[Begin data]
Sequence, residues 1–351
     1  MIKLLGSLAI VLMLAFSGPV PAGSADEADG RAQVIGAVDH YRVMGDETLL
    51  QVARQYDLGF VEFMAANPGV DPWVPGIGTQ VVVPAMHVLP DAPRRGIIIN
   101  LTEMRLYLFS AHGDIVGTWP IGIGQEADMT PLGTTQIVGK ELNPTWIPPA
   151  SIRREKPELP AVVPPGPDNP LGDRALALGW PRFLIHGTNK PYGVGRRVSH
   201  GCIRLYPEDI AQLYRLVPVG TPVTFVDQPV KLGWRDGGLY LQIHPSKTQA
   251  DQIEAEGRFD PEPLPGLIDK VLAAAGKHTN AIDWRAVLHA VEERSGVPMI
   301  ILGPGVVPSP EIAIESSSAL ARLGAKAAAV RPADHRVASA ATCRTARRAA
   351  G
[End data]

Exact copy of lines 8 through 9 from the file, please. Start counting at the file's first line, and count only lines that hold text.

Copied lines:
   301  ILGPGVVPSP EIAIESSSAL ARLGAKAAAV RPADHRVASA ATCRTARRAA
   351  G